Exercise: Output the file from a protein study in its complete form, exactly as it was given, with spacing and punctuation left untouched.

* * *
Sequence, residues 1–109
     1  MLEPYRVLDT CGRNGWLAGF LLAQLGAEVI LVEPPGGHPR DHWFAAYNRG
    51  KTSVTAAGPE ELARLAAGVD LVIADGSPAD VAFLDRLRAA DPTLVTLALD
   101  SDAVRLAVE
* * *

Sequence, residues 1–109
     1  MLEPYRVLDT CGRNGWLAGF LLAQLGAEVI LVEPPGGHPR DHWFAAYNRG
    51  KTSVTAAGPE ELARLAAGVD LVIADGSPAD VAFLDRLRAA DPTLVTLALD
   101  SDAVRLAVE